Over the course of this semester, I have read, highlighted, circled and noted a tonne of information on cyborgs, technology, societal thoughts, pop culture and prosthesis. As a result of this ten week journey I have managed to produce a body of work which is made with a hope of sharing some much needed positivism in our dark and gloomy world.
My main research aim was to discuss technological prosthesis in order normalise the concept of the cyborg in mainstream societal thought. The podcast delves into the negative associations society has around technological advancements, particularly the relationship between humanity and machines. I describe the role of popular culture by using interviews and surveys I conducted myself. This process went really well, the only thing that could have been improved was the amount of responses I received. I do acknowledge that twenty responses is not a lot in the grand scheme of things but considering the size, time and ethical restraints I had to take into consideration it was a pretty rewarding outcome.
I use three stories of people who have overcome obstacles and broken down societal boundaries through their relationship with technological prosthesis. Every human can relate to the central themes of wanting to prove something or seeking to belong. It is my personal belief that people rely so much on technology and yet are confronted by the prospect of it’s position in the economy. By incorporating Donna Harraway’s work and my own research I could demonstrate this paradigm that exists and perhaps convince the people listening; that cyborgs don’t necessarily have to be emotionless machines, instead they are everyday people, like you, me and the seven other billion people found on earth.
Technology is so rapidly evolving that society is scared that it is an uncontrollable force. So when there is discussion of cyborgs and humans people obviously are going to freak out. I wanted to do two things:- Firstly, stop people from freaking out or at least ease the transition towards the inevitable truth. Secondly, I wanted to show that technology actually has a positive influence and power position in society. My aim was to look at the benefits, gains and people surrounding technological prosthesis instead of focusing on the fears, apprehensions and problems almost always projected into society. This Digital artifact was a progression that evolved over time, my first two blog posts helped to narrow down ideas and in reflection I am grateful they were compulsory assignments during the semester. After I received feedback for both of them, I tried to improve the clarity and aim of my research ideas.
My biggest issue was compiling the overwhelming amount of information I received into a succinct yet coherent project. It was a long and tiresome task but in the end I achieved what I set out to do. I provided happy stories of happy people, redefined the cyborg through a process of normalisation and demonstrated how technological prosthesis is beneficial for human kind. Personally, I no longer have that uncomfortable feeling brought on by my exposure to Terminator as a child. Instead, I am looking forward to changing the subconscious of all my listeners by redefining the cyborg through technological prosthesis discussed in my podcast.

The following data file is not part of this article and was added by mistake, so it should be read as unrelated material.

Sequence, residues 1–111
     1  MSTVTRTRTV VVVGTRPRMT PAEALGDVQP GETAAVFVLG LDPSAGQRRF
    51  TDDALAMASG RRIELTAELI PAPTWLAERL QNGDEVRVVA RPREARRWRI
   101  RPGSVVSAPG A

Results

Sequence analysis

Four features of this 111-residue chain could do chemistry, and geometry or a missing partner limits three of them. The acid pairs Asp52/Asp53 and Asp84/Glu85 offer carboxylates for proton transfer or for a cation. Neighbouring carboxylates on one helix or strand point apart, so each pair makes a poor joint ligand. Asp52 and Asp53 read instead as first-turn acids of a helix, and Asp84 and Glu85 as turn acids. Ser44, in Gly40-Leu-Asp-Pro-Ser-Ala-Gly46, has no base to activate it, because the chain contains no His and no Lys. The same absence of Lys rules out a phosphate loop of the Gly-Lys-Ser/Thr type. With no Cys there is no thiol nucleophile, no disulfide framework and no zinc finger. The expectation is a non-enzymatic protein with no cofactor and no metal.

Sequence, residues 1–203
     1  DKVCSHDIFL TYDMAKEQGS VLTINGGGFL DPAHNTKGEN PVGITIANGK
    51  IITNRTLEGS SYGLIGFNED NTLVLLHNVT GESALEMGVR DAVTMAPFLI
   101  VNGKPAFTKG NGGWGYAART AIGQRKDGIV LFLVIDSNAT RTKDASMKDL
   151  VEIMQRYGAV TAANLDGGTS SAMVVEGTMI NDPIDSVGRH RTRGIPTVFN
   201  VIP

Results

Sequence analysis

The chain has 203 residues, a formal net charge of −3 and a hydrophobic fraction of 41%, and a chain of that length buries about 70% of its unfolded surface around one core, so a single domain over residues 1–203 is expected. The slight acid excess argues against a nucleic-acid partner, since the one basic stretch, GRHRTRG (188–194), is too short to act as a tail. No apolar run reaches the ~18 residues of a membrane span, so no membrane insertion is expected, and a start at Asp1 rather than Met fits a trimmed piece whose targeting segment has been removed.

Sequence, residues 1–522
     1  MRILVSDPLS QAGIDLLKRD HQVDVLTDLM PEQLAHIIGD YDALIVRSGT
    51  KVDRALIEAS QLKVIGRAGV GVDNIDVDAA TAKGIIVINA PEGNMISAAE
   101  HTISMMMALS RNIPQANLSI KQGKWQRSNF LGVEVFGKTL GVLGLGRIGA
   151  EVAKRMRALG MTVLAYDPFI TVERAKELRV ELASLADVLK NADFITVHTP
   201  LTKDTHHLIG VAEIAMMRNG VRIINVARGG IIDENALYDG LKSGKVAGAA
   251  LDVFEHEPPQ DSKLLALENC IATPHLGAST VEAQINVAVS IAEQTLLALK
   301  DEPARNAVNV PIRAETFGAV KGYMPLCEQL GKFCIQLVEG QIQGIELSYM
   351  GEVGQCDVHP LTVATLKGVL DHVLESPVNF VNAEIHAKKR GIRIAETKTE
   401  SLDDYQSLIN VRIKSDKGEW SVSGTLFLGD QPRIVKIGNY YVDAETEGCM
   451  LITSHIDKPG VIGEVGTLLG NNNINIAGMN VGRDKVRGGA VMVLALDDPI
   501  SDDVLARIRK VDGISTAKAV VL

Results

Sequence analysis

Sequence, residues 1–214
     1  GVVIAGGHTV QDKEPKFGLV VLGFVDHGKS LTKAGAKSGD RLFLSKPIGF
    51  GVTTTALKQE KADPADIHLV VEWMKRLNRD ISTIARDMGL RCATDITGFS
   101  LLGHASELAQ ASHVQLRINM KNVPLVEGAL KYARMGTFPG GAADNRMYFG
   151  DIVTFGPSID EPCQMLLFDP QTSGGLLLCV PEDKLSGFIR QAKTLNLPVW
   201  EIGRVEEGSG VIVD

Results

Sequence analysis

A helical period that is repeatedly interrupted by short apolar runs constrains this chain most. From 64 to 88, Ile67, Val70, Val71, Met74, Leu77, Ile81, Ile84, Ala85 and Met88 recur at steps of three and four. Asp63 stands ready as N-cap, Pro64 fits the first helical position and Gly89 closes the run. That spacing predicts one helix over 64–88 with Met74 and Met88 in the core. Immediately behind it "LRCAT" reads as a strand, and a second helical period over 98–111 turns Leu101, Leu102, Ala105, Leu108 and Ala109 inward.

- Brookes, J. (2018). Technology makes Prosthetic industry ripe for evolution – Which-50. [online] Which-50. Available at: https://which-50.com/technology-makes-prosthetic-industry-ripe-evolution/ [Accessed 23 May 2018].
- Curious. (2018). Bionic limbs. [online] Available at: https://www.science.org.au/curious/people-medicine/bionic-limbs [Accessed 19 May 2018].
- Draycott, J. (2017). Severed limbs and wooden feet: how the ancients invented prosthetics. [online] The Conversation. Available at: https://theconversation.com/severed-limbs-and-wooden-feet-how-the-ancients-invented-prosthetics-77741 [Accessed 17 May 2018].
- Gunkel, D. (2000). We Are Borg: Cyborgs and the Subject of Communication. [online] Gunkelweb.com. Available at: http://www.gunkelweb.com/articles/we_are_borg.pdf [Accessed 13 May 2018].
- Harraway, D. (1991). A Cyborg Manifesto. [online] Faculty.georgetown.edu. Available at: http://faculty.georgetown.edu/irvinem/theory/Haraway-CyborgManifesto-1.pdf [Accessed 13 May 2018].
- Mullins, A. (2009). My 12 pairs of legs. [online] Ted.com. Available at: https://www.ted.com/talks/aimee_mullins_prosthetic_aesthetics [Accessed 23 May 2018].
- Murray, Craig. (2005). The Social Meanings of Prosthesis Use. Journal of health psychology. 10. 425-41. 10.1177/1359105305051431.
- Nelson, B. (2013). 7 real-life human cyborgs. [online] MNN – Mother Nature Network. Available at: https://www.mnn.com/leaderboard/stories/7-real-life-human-cyborgs [Accessed 11 May 2018].
- Patches, M. (2014). Rage Against the Machine: A Brief History of Evil Movie Computers. [online] Rolling Stone. Available at: https://www.rollingstone.com/movies/news/rage-against-the-machine-a-brief-history-of-evil-movie-computers-20140417 [Accessed 14 May 2018].
- Peersson, M. (2018). Aimee Mullins | Icon Magazine. [online] Icon Magazine. Available at: http://iconmagazine.se/portfolio/aimee-mullins/ [Accessed 23 May 2018].
- Romm, C. (2015). Americans Are More Afraid of Robots Than Death. [online] The Atlantic. Available at: https://www.theatlantic.com/technology/archive/2015/10/americans-are-more-afraid-of-robots-than-death/410929/ [Accessed 15 May 2018].
- The Medical Futurist. (2018). The World’s Most Famous Real-Life Cyborgs. [online] Available at: http://medicalfuturist.com/the-worlds-most-famous-real-life-cyborgs/ [Accessed 1 Jun. 2018].